A Michigan insurance agent has a duty to procure insurance coverage requested by an insured. Generally, unless a special relationship exists between a policyholder and the agent, a Michigan insurance agent has no duty to advise about the adequacy of insurance coverage.

A recently decided Michigan case discussed these insurance agent duties in the light of the following facts:1

Juliana Reineke (Julie Reineke) and her husband, Leland Matthew Reineke (Matt Reineke), are the principal agents for Five Waters. In 2017, Matt Reineke worked with defendant Mark Bone, an independent insurance agent employed by Bailey Agency Inc, to procure a commercial insurance policy for Five Waters. Bone testified that Matt Reineke requested insurance for his business. He did not recall the specific language of the request. In order to determine adequate coverage amounts, he visited Five Waters’ facility and walked through it with Matt Reineke. According to Matt Reineke, he determined the value of the equipment and provided that information to Bone. The coverage limits were determined using replacement value. Like Bone, Matt Reineke did not testify as to any specific language that he used when requesting insurance for Five Waters. Following the on-site meeting, Bone procured a commercial insurance policy for Five Waters that had replacement coverage for Five Waters’ equipment in the amounts determined by Matt Reineke.

Five Waters’ commercial insurance policy was renewed in 2018, 2019, and 2020. Each year they received correspondence inviting them to schedule a review of Five Waters’ policy with defendants. They did not do so. Moreover, they did not fully read the policy procured for Five Waters by Bailey Agency.

After the 2020 flooding, Matt Reineke contacted Bone. It was at that time that he learned from Bone that Five Waters did not have flood insurance. He stated that he was ‘completely shocked’ because he thought that the business was covered. He later read his policy, however, and it clearly provided that damages caused by flooding, including flooding damage occurring as the result of a dam failure, was expressly excluded from the policy. Five Waters filed a claim with their insurance company, but, because the damage caused by the flood was excluded from its coverage, the claim was denied.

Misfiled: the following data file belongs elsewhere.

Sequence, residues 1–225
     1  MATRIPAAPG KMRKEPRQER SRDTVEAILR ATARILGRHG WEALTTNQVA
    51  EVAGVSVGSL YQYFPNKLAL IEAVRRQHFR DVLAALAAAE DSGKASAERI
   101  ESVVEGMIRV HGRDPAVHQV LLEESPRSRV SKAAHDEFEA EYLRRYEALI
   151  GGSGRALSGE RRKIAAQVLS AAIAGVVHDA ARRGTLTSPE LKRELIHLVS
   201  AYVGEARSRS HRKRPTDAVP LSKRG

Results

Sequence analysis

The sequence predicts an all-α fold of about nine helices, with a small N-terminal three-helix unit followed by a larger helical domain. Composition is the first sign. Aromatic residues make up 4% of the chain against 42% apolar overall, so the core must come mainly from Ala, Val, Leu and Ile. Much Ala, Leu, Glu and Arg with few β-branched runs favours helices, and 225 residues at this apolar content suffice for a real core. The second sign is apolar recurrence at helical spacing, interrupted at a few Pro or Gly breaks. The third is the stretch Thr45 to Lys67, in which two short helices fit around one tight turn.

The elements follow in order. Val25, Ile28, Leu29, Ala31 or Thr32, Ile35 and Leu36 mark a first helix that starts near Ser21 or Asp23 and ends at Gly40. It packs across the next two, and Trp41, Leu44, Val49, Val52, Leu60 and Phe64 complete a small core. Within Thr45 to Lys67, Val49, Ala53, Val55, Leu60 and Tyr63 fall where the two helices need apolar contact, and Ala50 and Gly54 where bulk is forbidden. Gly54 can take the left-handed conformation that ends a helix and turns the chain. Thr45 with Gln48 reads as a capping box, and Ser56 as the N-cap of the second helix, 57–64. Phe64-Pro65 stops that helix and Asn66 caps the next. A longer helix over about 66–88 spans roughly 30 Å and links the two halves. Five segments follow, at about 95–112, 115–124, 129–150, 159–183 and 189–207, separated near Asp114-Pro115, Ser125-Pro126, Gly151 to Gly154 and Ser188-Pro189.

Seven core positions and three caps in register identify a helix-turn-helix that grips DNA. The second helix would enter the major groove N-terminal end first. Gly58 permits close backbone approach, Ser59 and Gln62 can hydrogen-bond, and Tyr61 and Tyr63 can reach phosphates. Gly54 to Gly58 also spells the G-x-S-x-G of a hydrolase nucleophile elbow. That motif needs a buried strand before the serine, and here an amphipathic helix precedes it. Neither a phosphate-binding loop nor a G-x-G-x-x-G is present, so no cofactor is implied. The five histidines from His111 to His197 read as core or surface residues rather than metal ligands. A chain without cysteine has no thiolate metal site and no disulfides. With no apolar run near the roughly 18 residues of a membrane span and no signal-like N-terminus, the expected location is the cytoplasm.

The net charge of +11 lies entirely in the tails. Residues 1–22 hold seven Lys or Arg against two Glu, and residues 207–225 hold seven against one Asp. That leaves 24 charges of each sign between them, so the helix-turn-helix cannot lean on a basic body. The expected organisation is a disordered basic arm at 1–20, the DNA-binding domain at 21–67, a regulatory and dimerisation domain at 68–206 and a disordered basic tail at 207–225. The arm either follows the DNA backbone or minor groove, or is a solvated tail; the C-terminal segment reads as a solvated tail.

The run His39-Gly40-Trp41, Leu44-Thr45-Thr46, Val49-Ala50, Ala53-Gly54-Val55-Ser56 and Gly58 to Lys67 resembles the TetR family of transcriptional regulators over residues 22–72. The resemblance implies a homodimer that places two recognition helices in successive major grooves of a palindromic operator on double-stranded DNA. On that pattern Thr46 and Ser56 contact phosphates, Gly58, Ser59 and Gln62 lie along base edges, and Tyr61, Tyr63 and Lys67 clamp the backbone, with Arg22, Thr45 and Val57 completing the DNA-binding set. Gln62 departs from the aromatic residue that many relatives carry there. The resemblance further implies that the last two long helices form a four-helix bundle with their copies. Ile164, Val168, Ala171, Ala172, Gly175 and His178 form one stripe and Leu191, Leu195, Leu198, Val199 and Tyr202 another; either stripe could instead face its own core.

…Five Waters brought a claim against defendants, alleging negligence against them arising from its lack of insurance coverage for flood damage to its Midland business property.

In its analysis, the court noted that:

An insurance agent, however, may owe a duty to advise if ‘an event occurs that alters the nature of the relationship between the agent and the insured.’  In Harts, our Supreme Court described four events that give rise to a ‘special relationship’ between the insurance agent and the insured such that there is a duty to advise on the part of the agent: (1) the agent misrepresents the nature or extent of the coverage offered or provided, (2) an ambiguous request is made that requires a clarification, (3) an inquiry is made that may require advice and the agent, though he need not, gives advice that is inaccurate, or (4) the agent assumes an additional duty by either express agreement with or promise to the insured.

The court further explained that this rule is the same regardless of whether the licensed agent is a captive or independent agent: